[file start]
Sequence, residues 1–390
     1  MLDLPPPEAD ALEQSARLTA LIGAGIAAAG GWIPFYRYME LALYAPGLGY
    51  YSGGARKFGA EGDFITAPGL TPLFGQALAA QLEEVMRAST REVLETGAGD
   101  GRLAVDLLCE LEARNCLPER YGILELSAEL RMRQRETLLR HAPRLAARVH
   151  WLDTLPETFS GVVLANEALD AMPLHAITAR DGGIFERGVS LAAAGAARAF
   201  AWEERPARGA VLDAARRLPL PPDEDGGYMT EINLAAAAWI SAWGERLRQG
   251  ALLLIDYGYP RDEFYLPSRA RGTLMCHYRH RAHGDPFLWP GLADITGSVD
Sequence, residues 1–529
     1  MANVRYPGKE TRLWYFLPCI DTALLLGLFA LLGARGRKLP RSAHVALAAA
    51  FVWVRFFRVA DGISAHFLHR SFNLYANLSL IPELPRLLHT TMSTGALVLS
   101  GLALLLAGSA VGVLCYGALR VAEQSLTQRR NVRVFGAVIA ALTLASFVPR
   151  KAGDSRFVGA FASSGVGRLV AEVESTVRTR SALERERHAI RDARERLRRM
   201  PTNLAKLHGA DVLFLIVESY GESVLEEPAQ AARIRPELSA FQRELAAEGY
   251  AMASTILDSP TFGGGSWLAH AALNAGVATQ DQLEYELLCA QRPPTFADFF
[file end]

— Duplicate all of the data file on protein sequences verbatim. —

Sequence, residues 1–390
     1  MLDLPPPEAD ALEQSARLTA LIGAGIAAAG GWIPFYRYME LALYAPGLGY
    51  YSGGARKFGA EGDFITAPGL TPLFGQALAA QLEEVMRAST REVLETGAGD
   101  GRLAVDLLCE LEARNCLPER YGILELSAEL RMRQRETLLR HAPRLAARVH
   151  WLDTLPETFS GVVLANEALD AMPLHAITAR DGGIFERGVS LAAAGAARAF
   201  AWEERPARGA VLDAARRLPL PPDEDGGYMT EINLAAAAWI SAWGERLRQG
   251  ALLLIDYGYP RDEFYLPSRA RGTLMCHYRH RAHGDPFLWP GLADITGSVD
Sequence, residues 1–529
     1  MANVRYPGKE TRLWYFLPCI DTALLLGLFA LLGARGRKLP RSAHVALAAA
    51  FVWVRFFRVA DGISAHFLHR SFNLYANLSL IPELPRLLHT TMSTGALVLS
   101  GLALLLAGSA VGVLCYGALR VAEQSLTQRR NVRVFGAVIA ALTLASFVPR
   151  KAGDSRFVGA FASSGVGRLV AEVESTVRTR SALERERHAI RDARERLRRM
   201  PTNLAKLHGA DVLFLIVESY GESVLEEPAQ AARIRPELSA FQRELAAEGY
   251  AMASTILDSP TFGGGSWLAH AALNAGVATQ DQLEYELLCA QRPPTFADFF